The practitioners, however, waited until the following day to perform more tests to ensure surgery was, in fact, required. (18) Due to Mr. Theobald's extensive spinal injury, surgery would be seriously complicated. (19) The next day's examinations and x-rays confirmed that he would need an operation, and that evening the medical team performed surgery. (20) Three residents and a student assisted in or observed the treatment administered to Mr. Theobald at some point during the two days. (21) The plaintiffs' claim was that subsequent to the operation Mr. Theobald went blind and lost all mobility of his arms. (22)

    2. Theobald's Posture

      A year later, Mr. and Mrs. Theobald brought suit against the hospital and the four key medical practitioners that performed his operation. (23) The group of four defendants included three doctors who worked for the University of Cincinnati [hereinafter UC] part-time and one nurse who volunteered as a part-time clinical instructor at the university. (24) All four, however, also work professionally in private practice plans, (25) which paid them individually for Mr. Theobald's treatment. (26)

      Mr. and Mrs. Theobald filed suit in the Court of Claims against UC, a state actor. (27) The four medical practitioners were also joined in the suit since they asserted immunity under section 9.86 of the Ohio Revised Code. This section of the statute grants the employees and officers of the State of Ohio full immunity from civil liability when acting within the scope of their employment, unless the officer or employee acted with "malicious purpose, in bad faith, or in a wanton or reckless manner." (28) Therefore, before granting immunity a court must decide "(1) that the person is a state officer or employee, and (2) that the officer or employee was acting within his scope of employment and without malicious purpose, in bad faith or in a wanton or reckless manner." (29) Further, a court must assess whether the overriding interests of another severs the scope of employment for one who would otherwise be considered an employee of the state. (30)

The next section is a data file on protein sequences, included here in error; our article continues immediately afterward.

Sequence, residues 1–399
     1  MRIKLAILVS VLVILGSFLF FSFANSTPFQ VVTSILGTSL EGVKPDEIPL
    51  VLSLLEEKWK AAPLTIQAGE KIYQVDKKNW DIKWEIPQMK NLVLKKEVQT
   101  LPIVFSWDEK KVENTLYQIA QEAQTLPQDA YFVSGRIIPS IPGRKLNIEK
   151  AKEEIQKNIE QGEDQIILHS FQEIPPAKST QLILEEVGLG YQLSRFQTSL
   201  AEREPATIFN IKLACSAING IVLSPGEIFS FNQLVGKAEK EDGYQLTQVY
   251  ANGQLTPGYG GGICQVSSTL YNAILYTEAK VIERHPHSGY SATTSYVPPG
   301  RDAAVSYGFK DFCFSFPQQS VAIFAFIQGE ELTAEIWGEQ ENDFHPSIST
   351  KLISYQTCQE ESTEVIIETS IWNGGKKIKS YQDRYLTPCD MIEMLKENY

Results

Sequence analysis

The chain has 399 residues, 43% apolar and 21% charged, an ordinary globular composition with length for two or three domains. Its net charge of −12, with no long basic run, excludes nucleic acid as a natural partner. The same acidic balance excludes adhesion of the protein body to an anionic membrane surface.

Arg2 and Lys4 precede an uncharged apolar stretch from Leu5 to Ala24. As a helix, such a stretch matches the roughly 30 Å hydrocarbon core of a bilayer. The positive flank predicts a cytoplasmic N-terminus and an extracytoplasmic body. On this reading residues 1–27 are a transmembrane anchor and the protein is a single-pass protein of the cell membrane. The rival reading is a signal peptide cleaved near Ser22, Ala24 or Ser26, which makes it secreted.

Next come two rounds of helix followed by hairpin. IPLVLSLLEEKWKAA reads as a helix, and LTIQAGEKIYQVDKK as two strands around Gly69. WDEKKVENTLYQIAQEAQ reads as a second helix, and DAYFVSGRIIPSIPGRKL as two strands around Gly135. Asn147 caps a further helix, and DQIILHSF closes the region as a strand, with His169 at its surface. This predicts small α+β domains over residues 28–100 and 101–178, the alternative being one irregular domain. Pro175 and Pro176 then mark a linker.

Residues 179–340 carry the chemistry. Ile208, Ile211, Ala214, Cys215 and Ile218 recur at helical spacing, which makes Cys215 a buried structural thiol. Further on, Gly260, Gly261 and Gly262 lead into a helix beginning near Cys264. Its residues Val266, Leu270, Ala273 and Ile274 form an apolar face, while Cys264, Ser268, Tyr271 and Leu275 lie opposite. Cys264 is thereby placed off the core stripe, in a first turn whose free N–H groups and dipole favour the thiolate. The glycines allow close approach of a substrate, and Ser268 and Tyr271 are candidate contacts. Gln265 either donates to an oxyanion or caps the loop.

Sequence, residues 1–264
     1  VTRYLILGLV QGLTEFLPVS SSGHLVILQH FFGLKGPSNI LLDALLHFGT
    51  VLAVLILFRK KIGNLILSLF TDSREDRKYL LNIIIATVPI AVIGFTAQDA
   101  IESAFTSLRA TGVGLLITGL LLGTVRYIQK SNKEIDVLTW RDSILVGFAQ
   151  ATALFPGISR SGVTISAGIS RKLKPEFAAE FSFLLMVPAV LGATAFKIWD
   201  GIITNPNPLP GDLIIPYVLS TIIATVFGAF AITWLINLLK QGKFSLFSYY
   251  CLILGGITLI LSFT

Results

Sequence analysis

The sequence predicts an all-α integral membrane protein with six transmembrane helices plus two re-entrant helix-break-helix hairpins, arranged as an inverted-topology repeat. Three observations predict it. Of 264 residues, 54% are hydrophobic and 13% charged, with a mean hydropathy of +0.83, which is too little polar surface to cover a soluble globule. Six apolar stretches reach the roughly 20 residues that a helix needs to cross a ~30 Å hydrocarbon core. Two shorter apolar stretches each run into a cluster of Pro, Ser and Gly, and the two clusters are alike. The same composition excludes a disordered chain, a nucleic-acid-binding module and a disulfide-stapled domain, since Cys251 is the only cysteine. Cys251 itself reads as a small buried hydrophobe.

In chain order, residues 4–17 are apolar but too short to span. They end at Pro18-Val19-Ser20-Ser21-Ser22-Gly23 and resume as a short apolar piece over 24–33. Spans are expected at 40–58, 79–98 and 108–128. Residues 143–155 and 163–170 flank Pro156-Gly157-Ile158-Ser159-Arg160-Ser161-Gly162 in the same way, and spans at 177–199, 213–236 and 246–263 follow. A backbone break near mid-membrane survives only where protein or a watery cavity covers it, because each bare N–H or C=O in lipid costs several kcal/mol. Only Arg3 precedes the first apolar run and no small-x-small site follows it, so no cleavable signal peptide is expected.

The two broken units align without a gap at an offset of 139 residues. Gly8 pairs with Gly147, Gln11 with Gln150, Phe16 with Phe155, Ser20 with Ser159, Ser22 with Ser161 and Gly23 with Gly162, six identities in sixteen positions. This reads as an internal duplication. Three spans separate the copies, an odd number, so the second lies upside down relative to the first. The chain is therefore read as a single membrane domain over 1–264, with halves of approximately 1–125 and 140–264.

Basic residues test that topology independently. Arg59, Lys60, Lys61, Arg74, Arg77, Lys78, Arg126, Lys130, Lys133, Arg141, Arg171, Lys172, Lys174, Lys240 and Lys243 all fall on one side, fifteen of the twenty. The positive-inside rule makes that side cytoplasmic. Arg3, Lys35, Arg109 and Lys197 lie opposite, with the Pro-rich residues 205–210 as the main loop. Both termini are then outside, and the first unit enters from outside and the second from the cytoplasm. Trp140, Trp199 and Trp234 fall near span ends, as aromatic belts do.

Procedurally, anytime there is a question of whether a person should receive state employee immunity under section 9.86, a plaintiff must proceed to the Court of Claims, which hears claims against the State, for an immunity determination. (31) If the immunity is determined to be proper, the plaintiff's only claim exists against the state, which waives sovereign immunity for actions of state employees who receive section 9.86 immunity. (32) If immunity does not exist, then the cause of action will proceed to the Court of Common Pleas. (33)

      Accordingly, the Court of Claims held an immunity determination of whether the medical practitioners were employees of the state and acting in the scope of employment of UC. (34) In its decision, the Court of Claims ruled that only two of the medical practitioners were employees of the state and none were within the scope of state employment. (35)

      After appeals on a separate issue, UC appealed the ruling of the Court of Claims as to state employee status. (36) The Tenth District Court of Appeals heard the appeal and ultimately reversed the lower court's

      decision. (37) The Supreme Court of Ohio heard a final appeal by the Theobalds but ultimately affirmed the appellate court's holding in both law and fact. (38)

    3. Theobald's Opinion and Holding

      The Tenth District first considered whether the doctors and nurse qualified as state employees. Since the Court of Claims held that two of the doctors met the requirement for state employment, the Tenth District needed only to decide if the third doctor and the nurse were state employees. (39) The court concluded that the doctor was a state employee since he had worked for the UC as an assistant professor. (40)

      The court focused much more on whether the nurse was a state employee, because the nurse's employment relationship with UC was only as a volunteer clinical instructor. (41) She received no compensation for her work from UC. Instead, she was gainfully employed by a private practice plan which had a working relationship with UC. (42) Particularly, the private practice plan provided funds for UC's anesthesia department, and UC maintained checks on the practice plan's budgetary concerns. (43) The court ultimately decided that the relationship between the private employer and UC was "sufficiently close," in spite of being separate legal entities; thus, the nurse was considered a state employee for immunity purposes. (44)

      Next, the court discussed the case's main issue: whether the medical practitioners acted within the scope of their employment during the surgery that led to the cause of action. The court began by stating the general rule that "conduct is within the scope of employment if it is initiated, in part, to further or promote the master's business." (45) Thus, the court had to find enough state interest in the treatment of Mr. Theobald to find immunity. (46)

      The court analysis examined "scope of...